Defendants rely upon our decision in Santiago v. Lykes Bros. S.S. Co., 986 F.2d 423 (11th Cir.1993). However, Santiago does not support Defendants. Santiago posed questions concerning the validity and scope of the continuing tort theory in an action under the Jones Act. Although the opinion also noted that the accrual of a Jones Act cause of action is governed by a discovery rule, it did not address an argument concerning the consequences of the interplay between the continuing tort doctrine and the discovery rule. Id. at 426-28. Rather, Santiago held only that the district court's charge to the jury was "an erroneous statement of the law under the continuing tort theory." Id. at 427.1 Thus Santiago provides little guidance for this case.
Defendants argue that the construction we now adopt will render meaningless the portion of the CERCLA amendment providing that "the statute of limitations established under State law shall apply" with the exception of the federally mandated discovery rule. 42 U.S.C. § 9658(a)(2). Under Defendants' theory, the portion of the state statute that remains in force is the second of the "dual functions" of a statute of limitations, i.e., the period for which damages can be recovered. As we have demonstrated, the "dual function" concept is unsupported by both logic and case law. Further, it is clear that the above-quoted language from Section 9658(a)(2) refers to the number of years the limitations period runs. For example, if Georgia adopted a two-year, rather than a four-year, statute of limitations for torts, that state-created period would be applicable in this case. This conclusion is bolstered by the legislative history, which states that the amendment is meant to address "when the statute of limitations begins to run rather than the number of years it runs." House Report, supra, at 261, 1986 U.S.C.C.A.N. at 3354.2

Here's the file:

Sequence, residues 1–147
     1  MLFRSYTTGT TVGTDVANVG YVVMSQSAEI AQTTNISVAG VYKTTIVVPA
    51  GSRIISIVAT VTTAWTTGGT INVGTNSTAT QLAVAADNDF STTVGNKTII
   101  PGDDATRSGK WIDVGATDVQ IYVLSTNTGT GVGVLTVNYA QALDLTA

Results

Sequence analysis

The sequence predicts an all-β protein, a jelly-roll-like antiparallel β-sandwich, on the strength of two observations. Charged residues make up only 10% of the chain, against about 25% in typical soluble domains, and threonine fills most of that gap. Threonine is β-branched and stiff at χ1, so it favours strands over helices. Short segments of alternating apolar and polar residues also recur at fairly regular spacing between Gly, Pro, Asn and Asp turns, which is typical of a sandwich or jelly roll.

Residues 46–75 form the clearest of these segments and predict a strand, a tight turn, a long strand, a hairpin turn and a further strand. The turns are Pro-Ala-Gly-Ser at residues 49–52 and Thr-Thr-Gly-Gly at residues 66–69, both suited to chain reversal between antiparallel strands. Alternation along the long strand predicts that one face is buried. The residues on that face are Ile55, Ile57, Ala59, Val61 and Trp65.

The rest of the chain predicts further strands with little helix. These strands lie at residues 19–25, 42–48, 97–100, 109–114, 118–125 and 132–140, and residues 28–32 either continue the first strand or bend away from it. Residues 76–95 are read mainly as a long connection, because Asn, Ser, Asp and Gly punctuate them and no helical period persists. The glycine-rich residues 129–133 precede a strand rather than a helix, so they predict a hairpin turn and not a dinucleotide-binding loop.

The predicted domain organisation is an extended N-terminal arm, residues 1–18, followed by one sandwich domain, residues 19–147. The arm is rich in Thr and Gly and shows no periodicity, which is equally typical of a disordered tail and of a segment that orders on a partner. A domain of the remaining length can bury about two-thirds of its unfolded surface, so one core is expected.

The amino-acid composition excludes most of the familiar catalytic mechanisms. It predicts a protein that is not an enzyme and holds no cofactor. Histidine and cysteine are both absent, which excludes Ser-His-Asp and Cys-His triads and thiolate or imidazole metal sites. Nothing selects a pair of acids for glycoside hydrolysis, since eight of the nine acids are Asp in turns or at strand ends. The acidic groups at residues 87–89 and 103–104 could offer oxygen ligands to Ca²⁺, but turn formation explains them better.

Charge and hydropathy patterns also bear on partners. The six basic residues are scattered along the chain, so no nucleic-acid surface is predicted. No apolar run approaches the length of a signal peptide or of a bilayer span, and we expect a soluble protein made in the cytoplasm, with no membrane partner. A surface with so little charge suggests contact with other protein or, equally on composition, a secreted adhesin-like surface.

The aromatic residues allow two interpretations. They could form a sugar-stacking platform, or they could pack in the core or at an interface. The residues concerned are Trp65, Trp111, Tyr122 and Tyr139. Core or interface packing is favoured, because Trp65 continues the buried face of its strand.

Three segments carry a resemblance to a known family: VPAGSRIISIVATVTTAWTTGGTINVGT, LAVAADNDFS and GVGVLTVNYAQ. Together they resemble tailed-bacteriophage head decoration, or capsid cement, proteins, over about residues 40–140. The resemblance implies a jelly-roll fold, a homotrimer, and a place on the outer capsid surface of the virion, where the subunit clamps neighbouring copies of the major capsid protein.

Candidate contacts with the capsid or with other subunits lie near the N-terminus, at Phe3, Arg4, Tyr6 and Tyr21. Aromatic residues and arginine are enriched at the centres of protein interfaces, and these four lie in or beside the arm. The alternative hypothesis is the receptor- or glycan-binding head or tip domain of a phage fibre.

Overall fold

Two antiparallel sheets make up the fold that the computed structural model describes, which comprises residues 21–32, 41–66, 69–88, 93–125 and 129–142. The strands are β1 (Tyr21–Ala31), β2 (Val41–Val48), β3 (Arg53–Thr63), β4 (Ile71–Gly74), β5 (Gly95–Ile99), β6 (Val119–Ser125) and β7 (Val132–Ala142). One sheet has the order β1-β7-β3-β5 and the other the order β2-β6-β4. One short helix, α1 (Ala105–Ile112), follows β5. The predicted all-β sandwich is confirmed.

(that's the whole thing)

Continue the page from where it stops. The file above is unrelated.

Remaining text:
Finally, as the district court aptly noted, adoption of the Defendants' argument would run counter to the purpose of the relevant portions of CERCLA and its amendments, which was to deal with the inadequacies of many state tort systems regarding the delayed discovery of the effect of a release of a toxic substance. House Report, supra. The district court observed:
To conclude that the statute of limitations is tolled until the injury is discovered, but that Plaintiffs may only recover for damage done to their property within the immediately preceding period of the statute of limitations[,] is illogical. No purpose is served by tolling the statute of limitations but limiting the damages that may be recovered from the tortfeasor. Such a result would still result in depriving plaintiffs of their day in court for the full extent of their injury.